This letter was written by 51 year-old Thomas Taylor (1812-1878) of Paris, Henry county, Tennessee. Thomas and his wife, Louisa Lamb (1817-1902) were the parents of at least eleven children, one of whom was Benjamin Franklin Taylor (1843-1920) who had enlisted in Co. C, 5th Tennessee (Confederate) Volunteers in August 1861.
By the time of this letter in the midst of the Atlanta Campaign, Benjamin had risen in rank to Third Sergeant of Co. A, 5th Tennessee Volunteers.
[Paris, Henry county, Tennessee]
July 13th 1864
Mr. B. F. Taylor
My dear son,
I came to town today not knowing that I would have an opportunity of dropping you a few lines by way of slant, so I embrace the present opportunity of writing you a few lines. These lines leaves us all on foot and in tolerable good health hoping that when these few lines reach you, they may find you enjoying the sweets of life.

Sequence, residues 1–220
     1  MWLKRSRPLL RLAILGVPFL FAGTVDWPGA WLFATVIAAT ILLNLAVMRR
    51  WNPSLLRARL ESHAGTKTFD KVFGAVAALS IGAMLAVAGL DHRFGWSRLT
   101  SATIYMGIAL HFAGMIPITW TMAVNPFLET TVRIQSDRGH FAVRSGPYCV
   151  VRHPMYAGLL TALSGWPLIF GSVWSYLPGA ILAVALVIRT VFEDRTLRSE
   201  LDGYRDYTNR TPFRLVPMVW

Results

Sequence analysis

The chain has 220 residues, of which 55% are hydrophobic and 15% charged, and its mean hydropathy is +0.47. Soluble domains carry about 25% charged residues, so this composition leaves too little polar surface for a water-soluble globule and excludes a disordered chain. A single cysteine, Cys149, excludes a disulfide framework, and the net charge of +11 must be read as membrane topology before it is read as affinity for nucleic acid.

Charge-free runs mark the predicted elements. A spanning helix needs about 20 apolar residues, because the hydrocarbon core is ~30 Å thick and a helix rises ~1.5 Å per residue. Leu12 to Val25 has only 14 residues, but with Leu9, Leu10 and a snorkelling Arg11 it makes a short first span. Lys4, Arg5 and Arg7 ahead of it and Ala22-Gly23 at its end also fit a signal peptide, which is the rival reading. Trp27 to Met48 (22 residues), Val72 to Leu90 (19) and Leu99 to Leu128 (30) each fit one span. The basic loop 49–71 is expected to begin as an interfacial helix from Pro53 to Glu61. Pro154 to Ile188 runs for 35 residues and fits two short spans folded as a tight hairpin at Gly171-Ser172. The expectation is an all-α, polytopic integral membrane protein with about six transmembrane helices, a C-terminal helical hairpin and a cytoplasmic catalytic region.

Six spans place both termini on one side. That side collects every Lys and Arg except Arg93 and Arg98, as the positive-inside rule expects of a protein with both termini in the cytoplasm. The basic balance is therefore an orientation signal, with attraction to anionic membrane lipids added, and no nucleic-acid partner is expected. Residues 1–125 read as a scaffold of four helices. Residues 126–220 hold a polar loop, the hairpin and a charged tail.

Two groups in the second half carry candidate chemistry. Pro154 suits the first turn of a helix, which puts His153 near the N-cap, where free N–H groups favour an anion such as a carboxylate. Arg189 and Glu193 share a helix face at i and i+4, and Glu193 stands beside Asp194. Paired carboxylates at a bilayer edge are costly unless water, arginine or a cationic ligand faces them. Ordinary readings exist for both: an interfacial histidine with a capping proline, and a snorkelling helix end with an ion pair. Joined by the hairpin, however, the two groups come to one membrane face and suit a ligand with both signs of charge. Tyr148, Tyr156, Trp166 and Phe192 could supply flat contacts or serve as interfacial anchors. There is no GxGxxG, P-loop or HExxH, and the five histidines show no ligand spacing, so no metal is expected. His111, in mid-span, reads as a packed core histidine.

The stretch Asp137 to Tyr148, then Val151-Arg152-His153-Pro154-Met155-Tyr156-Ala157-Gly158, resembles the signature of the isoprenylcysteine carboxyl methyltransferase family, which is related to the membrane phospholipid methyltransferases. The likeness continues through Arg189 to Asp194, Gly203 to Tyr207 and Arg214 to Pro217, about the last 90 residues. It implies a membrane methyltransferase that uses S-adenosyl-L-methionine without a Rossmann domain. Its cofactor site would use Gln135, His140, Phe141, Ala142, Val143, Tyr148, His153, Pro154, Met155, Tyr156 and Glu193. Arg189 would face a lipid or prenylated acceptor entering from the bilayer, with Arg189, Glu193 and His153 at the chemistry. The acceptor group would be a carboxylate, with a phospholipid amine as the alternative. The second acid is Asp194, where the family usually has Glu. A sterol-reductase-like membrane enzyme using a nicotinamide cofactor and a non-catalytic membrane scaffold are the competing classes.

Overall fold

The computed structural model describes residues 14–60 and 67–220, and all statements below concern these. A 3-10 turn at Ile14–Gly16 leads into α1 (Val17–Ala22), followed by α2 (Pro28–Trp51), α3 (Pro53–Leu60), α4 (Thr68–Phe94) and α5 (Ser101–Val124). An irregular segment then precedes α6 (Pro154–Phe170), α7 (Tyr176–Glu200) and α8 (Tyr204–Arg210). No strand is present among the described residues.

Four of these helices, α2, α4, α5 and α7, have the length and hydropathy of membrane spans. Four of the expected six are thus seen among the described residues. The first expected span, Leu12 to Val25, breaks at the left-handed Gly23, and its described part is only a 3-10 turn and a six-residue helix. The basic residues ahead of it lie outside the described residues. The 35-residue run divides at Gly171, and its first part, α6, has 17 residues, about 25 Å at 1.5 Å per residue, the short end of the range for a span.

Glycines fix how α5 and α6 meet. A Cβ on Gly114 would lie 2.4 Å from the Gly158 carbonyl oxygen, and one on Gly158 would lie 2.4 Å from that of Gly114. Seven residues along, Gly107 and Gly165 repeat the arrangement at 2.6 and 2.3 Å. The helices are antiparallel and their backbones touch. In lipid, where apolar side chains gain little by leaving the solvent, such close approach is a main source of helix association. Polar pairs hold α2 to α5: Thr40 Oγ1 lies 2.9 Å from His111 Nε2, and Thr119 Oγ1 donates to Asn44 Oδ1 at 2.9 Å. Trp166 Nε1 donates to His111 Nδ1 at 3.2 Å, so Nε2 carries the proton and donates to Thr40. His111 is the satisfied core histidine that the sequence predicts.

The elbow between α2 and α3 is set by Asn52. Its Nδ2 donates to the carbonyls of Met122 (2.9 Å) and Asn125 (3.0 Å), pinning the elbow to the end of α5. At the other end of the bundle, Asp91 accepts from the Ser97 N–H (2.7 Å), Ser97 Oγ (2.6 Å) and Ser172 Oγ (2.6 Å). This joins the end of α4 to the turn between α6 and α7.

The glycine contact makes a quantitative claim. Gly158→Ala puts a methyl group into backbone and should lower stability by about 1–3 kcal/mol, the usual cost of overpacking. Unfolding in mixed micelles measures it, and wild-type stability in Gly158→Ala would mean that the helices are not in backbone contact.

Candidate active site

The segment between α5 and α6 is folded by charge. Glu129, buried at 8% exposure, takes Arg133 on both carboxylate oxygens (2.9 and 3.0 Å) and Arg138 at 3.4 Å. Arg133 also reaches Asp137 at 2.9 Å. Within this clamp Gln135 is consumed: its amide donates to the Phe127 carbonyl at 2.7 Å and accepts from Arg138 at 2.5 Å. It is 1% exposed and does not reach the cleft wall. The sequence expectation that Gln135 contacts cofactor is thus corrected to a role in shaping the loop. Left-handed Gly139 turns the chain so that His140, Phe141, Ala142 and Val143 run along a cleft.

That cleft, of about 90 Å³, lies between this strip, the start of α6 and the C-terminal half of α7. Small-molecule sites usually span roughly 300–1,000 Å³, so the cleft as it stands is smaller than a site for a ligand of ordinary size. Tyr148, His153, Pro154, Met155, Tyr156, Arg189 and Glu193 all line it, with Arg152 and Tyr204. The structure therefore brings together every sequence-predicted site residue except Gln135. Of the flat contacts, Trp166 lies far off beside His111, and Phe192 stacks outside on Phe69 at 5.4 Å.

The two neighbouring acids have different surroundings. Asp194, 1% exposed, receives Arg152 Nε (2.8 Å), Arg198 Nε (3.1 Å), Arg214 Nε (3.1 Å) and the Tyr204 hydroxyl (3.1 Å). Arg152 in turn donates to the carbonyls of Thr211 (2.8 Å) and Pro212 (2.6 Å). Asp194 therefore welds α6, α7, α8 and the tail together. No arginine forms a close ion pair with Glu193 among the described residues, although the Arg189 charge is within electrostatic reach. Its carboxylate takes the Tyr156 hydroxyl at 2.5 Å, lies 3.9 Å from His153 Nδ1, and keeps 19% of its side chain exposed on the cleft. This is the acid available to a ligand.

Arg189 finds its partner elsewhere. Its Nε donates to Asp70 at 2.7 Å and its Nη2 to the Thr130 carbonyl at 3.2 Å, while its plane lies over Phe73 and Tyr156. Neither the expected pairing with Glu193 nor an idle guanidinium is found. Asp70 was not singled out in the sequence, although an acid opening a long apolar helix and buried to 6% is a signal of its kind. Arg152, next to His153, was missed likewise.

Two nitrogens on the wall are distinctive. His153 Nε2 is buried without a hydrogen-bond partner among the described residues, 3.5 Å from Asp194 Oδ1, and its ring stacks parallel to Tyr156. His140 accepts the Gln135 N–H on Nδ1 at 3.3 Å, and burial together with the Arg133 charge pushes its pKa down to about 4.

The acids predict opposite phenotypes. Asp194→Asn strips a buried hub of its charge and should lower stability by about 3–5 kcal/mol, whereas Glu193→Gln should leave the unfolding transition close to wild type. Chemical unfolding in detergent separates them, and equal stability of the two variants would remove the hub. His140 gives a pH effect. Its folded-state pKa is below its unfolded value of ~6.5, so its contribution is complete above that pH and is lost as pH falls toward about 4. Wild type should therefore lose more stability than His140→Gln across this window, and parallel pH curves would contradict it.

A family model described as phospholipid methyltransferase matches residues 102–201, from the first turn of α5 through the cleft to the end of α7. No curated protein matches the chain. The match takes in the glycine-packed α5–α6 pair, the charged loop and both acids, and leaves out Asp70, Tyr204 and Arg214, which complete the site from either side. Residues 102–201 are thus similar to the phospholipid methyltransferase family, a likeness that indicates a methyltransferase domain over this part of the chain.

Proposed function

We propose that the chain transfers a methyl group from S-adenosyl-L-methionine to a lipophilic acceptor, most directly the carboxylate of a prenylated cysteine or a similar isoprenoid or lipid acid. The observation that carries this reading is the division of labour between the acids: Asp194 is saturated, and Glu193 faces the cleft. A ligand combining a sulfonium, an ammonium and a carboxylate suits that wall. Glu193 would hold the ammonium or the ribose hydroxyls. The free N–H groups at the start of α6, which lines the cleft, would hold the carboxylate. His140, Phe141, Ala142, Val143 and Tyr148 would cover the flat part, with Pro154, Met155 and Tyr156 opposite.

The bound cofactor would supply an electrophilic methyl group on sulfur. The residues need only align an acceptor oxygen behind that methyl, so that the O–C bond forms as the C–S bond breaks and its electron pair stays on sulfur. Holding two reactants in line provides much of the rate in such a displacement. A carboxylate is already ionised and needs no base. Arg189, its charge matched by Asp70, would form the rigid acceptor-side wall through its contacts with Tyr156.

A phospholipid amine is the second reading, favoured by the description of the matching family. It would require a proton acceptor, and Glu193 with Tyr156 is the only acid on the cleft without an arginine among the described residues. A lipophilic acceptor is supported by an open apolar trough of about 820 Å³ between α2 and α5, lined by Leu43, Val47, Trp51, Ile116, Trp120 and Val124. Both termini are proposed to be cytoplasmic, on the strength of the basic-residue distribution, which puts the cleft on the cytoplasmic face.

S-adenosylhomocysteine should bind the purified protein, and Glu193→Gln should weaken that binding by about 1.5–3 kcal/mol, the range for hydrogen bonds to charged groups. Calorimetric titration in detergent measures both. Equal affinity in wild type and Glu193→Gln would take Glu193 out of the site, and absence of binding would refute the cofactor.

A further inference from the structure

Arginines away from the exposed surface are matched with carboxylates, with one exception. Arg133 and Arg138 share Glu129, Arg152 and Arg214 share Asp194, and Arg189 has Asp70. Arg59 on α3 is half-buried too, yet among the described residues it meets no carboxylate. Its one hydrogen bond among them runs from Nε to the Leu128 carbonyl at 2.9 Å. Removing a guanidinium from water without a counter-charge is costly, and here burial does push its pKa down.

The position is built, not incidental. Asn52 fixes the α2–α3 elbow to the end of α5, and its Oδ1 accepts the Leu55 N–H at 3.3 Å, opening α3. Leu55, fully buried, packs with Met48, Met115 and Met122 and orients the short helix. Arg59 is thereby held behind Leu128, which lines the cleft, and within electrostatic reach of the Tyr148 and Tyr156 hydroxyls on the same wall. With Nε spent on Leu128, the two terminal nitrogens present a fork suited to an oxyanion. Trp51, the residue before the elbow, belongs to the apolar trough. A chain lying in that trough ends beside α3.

I have no news worth writing at the present. I see some Southerners occasionally through the country. They seem to be in high spirits. I would like very much to see your face one time more in Old Henry and hear you talk of the trials and ups and downs you have had since our last meeting with you at LaGrange. There has been many things that have transpired since I last saw you. If I could see you, I could tell you many things which I shall not write, hoping that I may yet have a chance to see you face to face when we can converse freely and talk of the troubles of our country.
I shall come to a close very soon as I have but little time to write. The bearer is now ready to start and I am not quite ready for him but will have to close. Mother is preparing you a suit of clothes believing you will be here this fall. If you do not come, she will be greatly disappointed. Receive our best wishes with all the family. Give my respects to all the neighborhood boys and tell them to remember me. I now close. I still remain your father as ever.
— Thomas Taylor